Friday, April 8, 2016

At Home with the Queen - Brian Hoey

At Home with the Queen
Title: At Home with the Queen
Author: Brian Hoey
Publication Date: 2002
Pages: 281
Genre: Royals / Nonfiction
Date Completed: 2/27/16

Summary: It takes a myriad of staff to create the royal lifestyle. Hoey dives into this world with its rules, expectations, details, and dramas.

What I Thought: For someone as interested in royal life as you know I am, this book was really interesting. Rather than focusing on the royals themselves, Hoey explores the daily lives and activities of their staff. It takes hundreds to manage and expedite the details of court life. It's easy to think of that in relation to the times of the Tudors, but we rarely realize or recognize all that goes on behind the scenes today, nor the people it takes to accomplish such a feat. 

With the addition of some introductory material, Hoey focuses each chapter on a different department of staff members or area concerning them all. He looks into the inner workings of the Royal Mews (a.k.a. where the horses, carriages, and cars are cared for); he looks into royal wages and why, despite coming in below industry standard, they prove enough to foster loyalty among staff and masses of resumes from those hoping to become staff; he expounds upon all the details and personnel required to put on a state dinner. The level of detail is astounding. Hoey has clearly done extensive research. 

At no point does Hoey dip to tabloid scandal, but neither does he fawn over the royals and portray them as flawless. Some he names outright in specific anecdotes. Others remain nameless along with most of the staff. The book focuses specifically on the Queen and Duke of Edinburgh and their staff, though it does offer some comparisons to how the households of the Prince of Wales or other minor royals are run. Mostly, however, Elizabeth and Philip sit in the spotlight.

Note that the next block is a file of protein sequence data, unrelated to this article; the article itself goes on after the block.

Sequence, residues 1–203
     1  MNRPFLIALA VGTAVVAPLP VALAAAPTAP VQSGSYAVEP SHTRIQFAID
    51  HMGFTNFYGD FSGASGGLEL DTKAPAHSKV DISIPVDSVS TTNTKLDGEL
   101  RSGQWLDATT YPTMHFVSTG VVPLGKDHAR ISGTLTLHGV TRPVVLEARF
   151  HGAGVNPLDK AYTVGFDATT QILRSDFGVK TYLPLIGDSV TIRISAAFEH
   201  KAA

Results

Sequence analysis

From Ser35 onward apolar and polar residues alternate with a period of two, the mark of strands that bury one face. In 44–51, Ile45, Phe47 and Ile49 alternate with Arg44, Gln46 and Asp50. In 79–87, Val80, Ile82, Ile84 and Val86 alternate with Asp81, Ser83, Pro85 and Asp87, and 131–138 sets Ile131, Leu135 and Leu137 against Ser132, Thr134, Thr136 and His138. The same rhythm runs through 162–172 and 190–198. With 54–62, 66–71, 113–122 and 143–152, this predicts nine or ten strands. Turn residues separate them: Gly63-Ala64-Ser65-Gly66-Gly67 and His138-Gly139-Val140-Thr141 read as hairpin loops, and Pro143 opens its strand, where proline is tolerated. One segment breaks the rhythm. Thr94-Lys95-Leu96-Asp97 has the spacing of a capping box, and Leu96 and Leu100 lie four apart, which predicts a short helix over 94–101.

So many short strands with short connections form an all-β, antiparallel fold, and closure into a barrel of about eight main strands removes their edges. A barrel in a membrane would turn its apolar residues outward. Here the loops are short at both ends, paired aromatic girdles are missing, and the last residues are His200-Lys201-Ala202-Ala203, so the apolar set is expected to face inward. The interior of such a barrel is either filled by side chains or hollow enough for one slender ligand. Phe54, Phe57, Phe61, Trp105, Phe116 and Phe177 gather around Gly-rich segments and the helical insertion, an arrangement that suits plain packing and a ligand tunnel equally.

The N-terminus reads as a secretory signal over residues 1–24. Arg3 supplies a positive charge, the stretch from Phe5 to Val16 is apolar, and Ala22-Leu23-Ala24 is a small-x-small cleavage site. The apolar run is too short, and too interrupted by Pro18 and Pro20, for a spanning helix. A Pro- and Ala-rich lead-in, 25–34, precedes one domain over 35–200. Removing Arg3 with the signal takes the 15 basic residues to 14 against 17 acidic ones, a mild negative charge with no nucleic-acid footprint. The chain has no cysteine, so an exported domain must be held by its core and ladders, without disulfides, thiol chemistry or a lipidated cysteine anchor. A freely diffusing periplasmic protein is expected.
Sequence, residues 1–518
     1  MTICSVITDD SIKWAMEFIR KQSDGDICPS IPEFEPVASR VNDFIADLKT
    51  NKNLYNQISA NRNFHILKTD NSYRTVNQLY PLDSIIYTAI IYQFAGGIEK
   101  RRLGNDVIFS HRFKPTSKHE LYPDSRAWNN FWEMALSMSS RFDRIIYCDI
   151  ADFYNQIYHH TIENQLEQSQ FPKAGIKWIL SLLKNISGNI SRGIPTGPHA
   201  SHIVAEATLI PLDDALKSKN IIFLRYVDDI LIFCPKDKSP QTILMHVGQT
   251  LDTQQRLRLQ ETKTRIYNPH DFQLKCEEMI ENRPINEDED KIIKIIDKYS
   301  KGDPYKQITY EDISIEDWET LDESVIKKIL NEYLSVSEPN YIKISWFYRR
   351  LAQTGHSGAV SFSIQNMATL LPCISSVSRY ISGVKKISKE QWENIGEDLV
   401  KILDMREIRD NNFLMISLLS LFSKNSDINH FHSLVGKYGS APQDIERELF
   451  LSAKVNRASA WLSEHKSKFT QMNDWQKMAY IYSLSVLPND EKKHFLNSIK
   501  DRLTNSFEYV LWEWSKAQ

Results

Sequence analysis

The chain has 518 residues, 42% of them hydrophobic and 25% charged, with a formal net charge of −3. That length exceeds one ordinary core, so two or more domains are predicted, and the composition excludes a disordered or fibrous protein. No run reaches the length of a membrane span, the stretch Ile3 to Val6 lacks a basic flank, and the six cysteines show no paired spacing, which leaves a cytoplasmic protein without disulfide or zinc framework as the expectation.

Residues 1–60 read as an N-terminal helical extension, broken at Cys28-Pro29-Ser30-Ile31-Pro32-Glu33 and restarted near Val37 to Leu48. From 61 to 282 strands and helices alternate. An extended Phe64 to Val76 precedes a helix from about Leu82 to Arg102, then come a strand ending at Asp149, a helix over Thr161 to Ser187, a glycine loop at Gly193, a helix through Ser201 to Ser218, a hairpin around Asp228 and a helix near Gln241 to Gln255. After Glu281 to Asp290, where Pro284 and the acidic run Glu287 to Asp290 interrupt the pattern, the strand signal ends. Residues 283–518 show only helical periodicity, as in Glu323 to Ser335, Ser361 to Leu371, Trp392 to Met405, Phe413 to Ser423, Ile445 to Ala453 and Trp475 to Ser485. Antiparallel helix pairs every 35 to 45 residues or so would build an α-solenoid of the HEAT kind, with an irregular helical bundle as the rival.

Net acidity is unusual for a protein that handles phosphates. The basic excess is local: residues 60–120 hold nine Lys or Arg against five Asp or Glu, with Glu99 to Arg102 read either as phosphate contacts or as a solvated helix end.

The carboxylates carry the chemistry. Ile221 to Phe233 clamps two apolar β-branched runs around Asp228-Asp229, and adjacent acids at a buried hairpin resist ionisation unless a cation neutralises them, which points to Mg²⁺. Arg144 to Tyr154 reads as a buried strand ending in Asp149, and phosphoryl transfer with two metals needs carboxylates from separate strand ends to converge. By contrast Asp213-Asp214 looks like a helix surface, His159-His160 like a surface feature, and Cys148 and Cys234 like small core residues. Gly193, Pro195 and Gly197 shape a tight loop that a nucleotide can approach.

The book was written in 2002 - five years after the death of Princess Diana and nearly a decade before the Duchess of Cambridge would officially join the family. Hoey barely mentions William and Harry, and even then only as children. I would be fascinated to read an update about how staffing has landed for their office and the Cambridge household. Of course, much of it is in the media, but the stark difference between what they seem to experience and the rigamarole of Buckingham Palace would be fascinating to explore. Hoey states "the golden days of Diana have gone for ever," yet he wrote those words long before the excitement of the royal wedding or the retail phenomenons of "repli-Kates" or the global adoration of Prince George and Princess Charlotte. His opinion on recent royal happenings and their behind-the-scenes implications would be something I'd absolutely be interested in reading. 

It's a good reader for royal watchers and those interested in how their world comes to be every day. I actually learned a lot. I had no idea just how many people worked behind the scenes at Buckingham Palace and the like. The royals have Downton Abbey beat by a long shot. The book did have a very interesting upstairs-downstairs element to it which will likely interest those who aren't even interested in the royals specifically, just just how the master and staff relationship has evolved and carried over into the twenty-first century. 

Rating: ★★★★☆
Will I Re-Read: Unlikely

A Reduced Review: Lots of details and research into the royal staff make this an extensive, interesting view into their world.

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